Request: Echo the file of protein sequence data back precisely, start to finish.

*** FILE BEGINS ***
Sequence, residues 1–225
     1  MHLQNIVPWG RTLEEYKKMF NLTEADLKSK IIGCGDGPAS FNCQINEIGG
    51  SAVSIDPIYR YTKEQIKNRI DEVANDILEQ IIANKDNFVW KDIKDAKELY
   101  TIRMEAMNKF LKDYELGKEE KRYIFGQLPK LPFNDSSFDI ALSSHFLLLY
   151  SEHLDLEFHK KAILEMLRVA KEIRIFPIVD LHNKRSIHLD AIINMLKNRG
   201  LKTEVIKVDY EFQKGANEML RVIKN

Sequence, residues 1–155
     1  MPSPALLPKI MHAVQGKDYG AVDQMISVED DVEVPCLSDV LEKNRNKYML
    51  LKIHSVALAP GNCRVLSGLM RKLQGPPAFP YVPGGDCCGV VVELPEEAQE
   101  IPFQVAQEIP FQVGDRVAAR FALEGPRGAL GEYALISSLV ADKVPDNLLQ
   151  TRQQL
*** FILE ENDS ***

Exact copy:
Sequence, residues 1–225
     1  MHLQNIVPWG RTLEEYKKMF NLTEADLKSK IIGCGDGPAS FNCQINEIGG
    51  SAVSIDPIYR YTKEQIKNRI DEVANDILEQ IIANKDNFVW KDIKDAKELY
   101  TIRMEAMNKF LKDYELGKEE KRYIFGQLPK LPFNDSSFDI ALSSHFLLLY
   151  SEHLDLEFHK KAILEMLRVA KEIRIFPIVD LHNKRSIHLD AIINMLKNRG
   201  LKTEVIKVDY EFQKGANEML RVIKN

Sequence, residues 1–155
     1  MPSPALLPKI MHAVQGKDYG AVDQMISVED DVEVPCLSDV LEKNRNKYML
    51  LKIHSVALAP GNCRVLSGLM RKLQGPPAFP YVPGGDCCGV VVELPEEAQE
   101  IPFQVAQEIP FQVGDRVAAR FALEGPRGAL GEYALISSLV ADKVPDNLLQ
   151  TRQQL